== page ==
Tattoo Nation: Film Review
Eric Schwartz follows the "black-and-gray" tattoo aesthetic from the jailhouse to the mainstream.
Tracing the family tree of one type of tattoo artistry back to its roots in prisons and other places of ill repute, Eric Schwartz's Tattoo Nation proves more serious about history than expected, spending ample time on light sociology before putting its most mindblowingly intricate body art onscreen. Enjoyable face time with the grandfathers of "black-and-gray" tattooing makes the doc a colorful ride even for non-fanatics, but those serious enough to attend conventions and subscribe to tattoo mags will be its most reliable audience.
The oldest practitioners interviewed here got their start when putting permanent ink on a person was still illegal. They (and narrator Corey Miller, of L.A. Ink, who's much less engaging in this role than as an interviewee) describe how hard it was to find a professional then, and tell of hotspots like Pike in Long Beach, Calif., where an influx of sailors could keep a tattoo shop open round-the-clock for days.
If equipment used there was rudimentary, it was space-aged compared to jailhouse rigs. Schwartz offers enough background on Pachuco culture to explain why Latino prisoners were especially willing to endure the painful, hand-poke procedure used in jails, and introduces us to Freddy Negrete, whose first illicit machine was made using a cassette-deck motor and guitar strings.
While Anglo entrepreneurs like Ed Hardy and "Goodtime" Charlie Cartwright were outside building loyal followings at soon-to-be-legendary shops, Negrete and others were developing a fine-line aesthetic (using a single needle by necessity, while commercial machines used between three and seven needles at once) that the pros wound up imitating.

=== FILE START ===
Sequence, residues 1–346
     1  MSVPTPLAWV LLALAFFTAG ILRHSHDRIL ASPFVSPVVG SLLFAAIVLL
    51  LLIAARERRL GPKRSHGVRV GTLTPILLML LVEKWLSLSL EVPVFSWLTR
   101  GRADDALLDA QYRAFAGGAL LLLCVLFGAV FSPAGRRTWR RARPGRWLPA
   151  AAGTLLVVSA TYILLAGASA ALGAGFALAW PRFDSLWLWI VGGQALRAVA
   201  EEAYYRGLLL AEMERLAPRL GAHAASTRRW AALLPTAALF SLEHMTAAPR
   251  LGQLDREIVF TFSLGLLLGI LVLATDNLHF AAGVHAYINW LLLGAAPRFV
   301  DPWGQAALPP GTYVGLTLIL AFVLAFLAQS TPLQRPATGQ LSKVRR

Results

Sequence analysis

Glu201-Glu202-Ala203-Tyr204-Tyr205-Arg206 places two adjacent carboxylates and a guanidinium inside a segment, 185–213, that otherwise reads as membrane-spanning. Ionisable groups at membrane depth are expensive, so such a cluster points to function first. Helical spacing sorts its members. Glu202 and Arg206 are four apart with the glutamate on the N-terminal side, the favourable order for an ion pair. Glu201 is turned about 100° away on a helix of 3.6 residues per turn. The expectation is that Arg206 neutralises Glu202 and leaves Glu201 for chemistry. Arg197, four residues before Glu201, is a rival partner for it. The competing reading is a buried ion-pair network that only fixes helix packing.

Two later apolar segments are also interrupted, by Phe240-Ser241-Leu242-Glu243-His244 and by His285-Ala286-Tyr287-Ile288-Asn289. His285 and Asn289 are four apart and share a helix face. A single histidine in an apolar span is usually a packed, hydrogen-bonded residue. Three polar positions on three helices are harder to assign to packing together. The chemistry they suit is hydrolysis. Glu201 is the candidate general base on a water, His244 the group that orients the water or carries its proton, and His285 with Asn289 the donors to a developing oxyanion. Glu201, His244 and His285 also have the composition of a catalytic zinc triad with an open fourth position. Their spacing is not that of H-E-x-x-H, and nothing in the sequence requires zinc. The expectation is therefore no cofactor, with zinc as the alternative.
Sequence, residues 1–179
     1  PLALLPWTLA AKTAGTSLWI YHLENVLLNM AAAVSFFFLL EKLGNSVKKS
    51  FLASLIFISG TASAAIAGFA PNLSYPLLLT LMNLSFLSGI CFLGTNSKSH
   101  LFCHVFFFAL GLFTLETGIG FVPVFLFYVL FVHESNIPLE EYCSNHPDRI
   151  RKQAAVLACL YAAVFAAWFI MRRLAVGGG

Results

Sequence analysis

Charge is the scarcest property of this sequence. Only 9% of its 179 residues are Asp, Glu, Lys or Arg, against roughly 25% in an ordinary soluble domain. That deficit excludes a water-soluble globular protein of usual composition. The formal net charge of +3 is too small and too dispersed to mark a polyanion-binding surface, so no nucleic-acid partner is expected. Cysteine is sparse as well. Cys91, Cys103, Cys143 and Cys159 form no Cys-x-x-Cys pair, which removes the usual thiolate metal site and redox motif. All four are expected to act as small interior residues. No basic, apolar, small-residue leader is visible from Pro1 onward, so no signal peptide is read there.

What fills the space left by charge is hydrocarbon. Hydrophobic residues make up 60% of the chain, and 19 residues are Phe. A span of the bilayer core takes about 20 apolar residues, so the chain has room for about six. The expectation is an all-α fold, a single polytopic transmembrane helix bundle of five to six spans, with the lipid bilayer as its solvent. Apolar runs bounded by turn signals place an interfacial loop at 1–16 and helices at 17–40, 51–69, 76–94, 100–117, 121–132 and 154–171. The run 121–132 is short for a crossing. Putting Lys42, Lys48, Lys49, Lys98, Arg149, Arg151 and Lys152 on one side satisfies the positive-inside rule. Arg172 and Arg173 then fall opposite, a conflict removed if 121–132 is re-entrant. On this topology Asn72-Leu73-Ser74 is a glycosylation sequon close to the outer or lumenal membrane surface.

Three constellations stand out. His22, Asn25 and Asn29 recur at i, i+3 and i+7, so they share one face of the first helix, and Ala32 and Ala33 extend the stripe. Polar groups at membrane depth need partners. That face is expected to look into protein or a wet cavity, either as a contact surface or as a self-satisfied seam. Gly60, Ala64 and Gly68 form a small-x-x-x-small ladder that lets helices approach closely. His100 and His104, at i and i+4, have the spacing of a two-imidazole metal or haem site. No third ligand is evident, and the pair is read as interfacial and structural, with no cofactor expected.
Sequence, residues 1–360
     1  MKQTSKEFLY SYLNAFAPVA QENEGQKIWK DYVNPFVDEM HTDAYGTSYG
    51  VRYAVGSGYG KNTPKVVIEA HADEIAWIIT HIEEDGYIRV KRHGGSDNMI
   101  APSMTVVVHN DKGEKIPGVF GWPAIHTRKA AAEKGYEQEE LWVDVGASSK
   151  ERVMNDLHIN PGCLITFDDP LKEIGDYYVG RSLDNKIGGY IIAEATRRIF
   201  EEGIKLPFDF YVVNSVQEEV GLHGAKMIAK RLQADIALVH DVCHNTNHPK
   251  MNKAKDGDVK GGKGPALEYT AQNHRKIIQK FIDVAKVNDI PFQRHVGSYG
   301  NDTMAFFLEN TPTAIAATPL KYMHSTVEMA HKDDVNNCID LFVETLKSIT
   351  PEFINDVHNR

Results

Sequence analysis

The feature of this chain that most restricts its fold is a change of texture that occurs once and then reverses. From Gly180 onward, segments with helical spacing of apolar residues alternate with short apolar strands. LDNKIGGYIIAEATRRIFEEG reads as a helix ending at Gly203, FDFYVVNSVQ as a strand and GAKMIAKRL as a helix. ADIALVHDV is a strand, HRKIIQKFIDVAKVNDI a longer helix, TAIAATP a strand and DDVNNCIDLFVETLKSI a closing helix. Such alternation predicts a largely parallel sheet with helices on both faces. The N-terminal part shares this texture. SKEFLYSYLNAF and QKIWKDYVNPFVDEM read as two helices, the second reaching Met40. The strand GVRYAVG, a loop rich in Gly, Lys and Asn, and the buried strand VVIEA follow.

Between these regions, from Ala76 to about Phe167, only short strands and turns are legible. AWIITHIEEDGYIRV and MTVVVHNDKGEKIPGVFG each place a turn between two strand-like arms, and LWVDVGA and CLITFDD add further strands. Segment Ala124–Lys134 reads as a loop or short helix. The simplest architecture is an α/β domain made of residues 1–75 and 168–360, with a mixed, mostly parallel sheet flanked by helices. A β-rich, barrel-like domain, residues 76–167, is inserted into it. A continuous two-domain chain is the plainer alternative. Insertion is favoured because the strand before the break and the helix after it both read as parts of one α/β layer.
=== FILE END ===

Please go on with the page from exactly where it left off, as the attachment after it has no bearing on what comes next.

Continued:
Schwartz shows how the two camps merged, always trying to one-up the level of detail in new designs, and offers plenty of good examples of the monochrome style's evolution. Though East L.A.'s Tattooland occupies the most prominent place in this narrative, the film makes time for other subjects -- raspy-voiced Mark Mahoney, tattoo artist to the stars; David Oropeza, a collector whose ink-covered torso shows how small images can be pieced together for dramatic impact; and Danny Trejo (surprisingly, the only actor here), who's seen bringing his daughter in for her latest tattoo.
Production Company: Visions Verite
Director: Eric Schwartz
Screenwriters: John Corry, Marco Jakubowicz
Producers: John Corry
Executive producer: Eric Schwartz
Music: Ramon Balcazar, Sick Jacken
Editor: Marco Jakubowicz
No rating, 86 minutes